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Showing posts from June, 2010

The Next Level: Heading to the Arctic Circle

I created this blog to chronicle my first major solo adventure in late 2008, when I rode my motorcycle over 4,200 miles in just over three weeks from the east coast to the west coast of the USA.  That was the longest amount of contiguous time off I had taken from a job in nearly eight years and it solidified a slowly building realization that I wanted something different out of life – I wanted adventure! In the year and a half since then, I’ve completed major overland trips on two more continents along with another 10,000+ miles around the USA and I’ve gained a strange need for the challenge of open sky around me.  While I was driving an auto-rickshaw across India I started to think about what I wanted to do next, and it’s been bouncing around in my skull ever since.  I want to drive across Africa, I want to cross Australia, but most urgently I want to visit the Arctic Circle! Originally I thought about just flying up to Alaska and spending a month or two puttering around, but I re

Jury Duty: Deliberation and Verdict

Last week I spent four days down at the courthouse in Washington DC participating in the important civic exercise of jury duty.  After each side had presented their case and made their final arguments, our jury retired to the jury room in order to deliberate and find on the defendant’s guilt.  The relevant facts of the case can be reviewed in my longest blog post ever, available here . The presentation part of the case ended Wednesday afternoon at approximately 3PM, leaving us only an hour and a half to deliberate on this day.  As everyone filed into the jury room I could see a certain tension in the air, certainly felt quite strongly by me.  I took a quick break to use the restroom and returned to find everyone discussing the process of choosing a “jury foreman” – in what seemed a somewhat predictable routine there was an expectation that an older dignified looking gentleman (Ken) act in this role because he looked the part, however he wasn’t interested in doing so.  After listening

Jury Duty: Not Like TV (or: Longest Post EVER)

Prepare yourself for by far the longest blog post ever – if you’re at all curious about real life jury duty or enjoy all those cop & lawyer shows then give it a go - this recount of the trial and details given for evidence will blow your mind, make you think twice about the effectiveness of our police officers and the impartiality of our juries… Shortly before leaving on my trip in January, I was summoned for DC Grand Jury Duty .  I was able to have it rescheduled to begin on June 7 and made it back to the US only a few days before it was due to start.  After thinking about it I really felt that I would not be comfortable spending 27 days of 8:30AM to 5PM in an “office” for $30 a day, especially with the changes to the economy going on right now – I’d rather enjoy that time. Upon arriving at the courtroom for Grand Jury Duty, I quickly noted that there were over 40 people in the room, considerably more than the number required for the Grand Jury.  Once we were checked in, the c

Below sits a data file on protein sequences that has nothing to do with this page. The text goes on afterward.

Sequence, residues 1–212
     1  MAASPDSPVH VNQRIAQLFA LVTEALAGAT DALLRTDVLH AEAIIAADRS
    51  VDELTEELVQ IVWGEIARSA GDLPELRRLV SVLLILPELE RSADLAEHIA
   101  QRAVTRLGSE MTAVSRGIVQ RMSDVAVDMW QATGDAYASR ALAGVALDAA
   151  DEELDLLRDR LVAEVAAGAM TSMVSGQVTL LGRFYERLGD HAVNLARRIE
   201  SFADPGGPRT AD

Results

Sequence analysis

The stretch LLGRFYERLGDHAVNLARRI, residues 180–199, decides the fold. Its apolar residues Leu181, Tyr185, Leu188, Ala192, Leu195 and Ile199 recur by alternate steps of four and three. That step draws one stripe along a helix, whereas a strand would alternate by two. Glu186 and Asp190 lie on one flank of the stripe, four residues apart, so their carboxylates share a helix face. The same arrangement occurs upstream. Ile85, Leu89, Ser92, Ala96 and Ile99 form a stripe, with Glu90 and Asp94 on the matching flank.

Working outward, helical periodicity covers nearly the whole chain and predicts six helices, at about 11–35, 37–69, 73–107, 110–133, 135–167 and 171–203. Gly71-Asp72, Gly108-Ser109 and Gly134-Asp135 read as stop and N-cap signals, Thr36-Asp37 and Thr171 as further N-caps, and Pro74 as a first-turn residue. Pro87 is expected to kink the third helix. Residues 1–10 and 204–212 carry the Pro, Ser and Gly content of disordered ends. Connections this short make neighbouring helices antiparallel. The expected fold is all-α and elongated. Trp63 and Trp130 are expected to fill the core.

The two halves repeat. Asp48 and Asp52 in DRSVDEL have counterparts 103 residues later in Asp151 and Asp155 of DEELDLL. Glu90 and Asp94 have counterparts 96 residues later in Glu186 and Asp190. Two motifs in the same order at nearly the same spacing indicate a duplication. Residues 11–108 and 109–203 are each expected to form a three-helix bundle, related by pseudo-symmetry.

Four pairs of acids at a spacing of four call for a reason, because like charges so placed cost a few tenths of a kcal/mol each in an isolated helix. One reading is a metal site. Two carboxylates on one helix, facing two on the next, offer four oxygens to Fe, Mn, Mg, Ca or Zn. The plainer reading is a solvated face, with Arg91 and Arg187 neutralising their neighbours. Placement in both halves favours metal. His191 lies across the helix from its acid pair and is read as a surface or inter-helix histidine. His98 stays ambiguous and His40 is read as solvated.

Flight Fun

My flight from Delhi to JFK was diverted to Newark due to visibility issues, now two hours later I have to shuttle over to JFK and attempt to get another flight home. Ah, airline drama. At least I am home sorta! My phone's internet is faster than anything in Asia and I had a sausage mcgriddle so I can't be too grumpy. 

Goodbye Nepal!

After many months in Asia, I will finally be heading home tonight.  I made a number of friends (Tak, Mike, Ray) at various places, but nowhere did I get as close to people as here in Nepal.  It was especially odd saying goodbye to Mickey and Guy, but it will be really tough saying goodbye to Katrin – it’s incredible how a friendship can form in only a few weeks when you spend a lot of time walking mountains and exploring together. The last couple days in Kathmandu she has been my “German tour guide” as I relied on her and her German guidebook to figure out where to take us around the city.  Kathmandu is a pretty huge place and two days only allows you to barely scratch the surface, but those days have been pretty intense.  We’ve been staying in Boudhanath near the biggest stupa in Nepal which is supposed to contain the wordly remains of the original Buddha and is a really cool mix of Nepali, Tibetan, and tourism. Monday started with a rare venture to a restaurant recommended

Festival Day in Gorkha

On the way to Kathmandu from Pokhara, Katrin and I decided to spend part of a day in Gorkha, which was once the capital of the Nepali empire.  One of the things that made it clear this was a good choice was the approval of all the Nepali we ran into who were asking where we were going - something seemed to light up in their eyes and their smiles would get wider as they would excitedly tell us about Gorkha.  It’s clearly still a culturally important place to them. Pokhara let us go with a fine send-off, a beautiful sunny lazy day for last minute shopping followed by a wonderful evening with a huge bright moon and only a few clouds.  We had dinner at Newari Kitchen (where I spent quite a bit of time during my stay thanks to the great food, ambience, and wifi!) on the balcony street-side with a huge moon staring down at us, excited about leaving and heading somewhere different but also sad that this really relaxed and accommodating city would be left behind us. An early morning s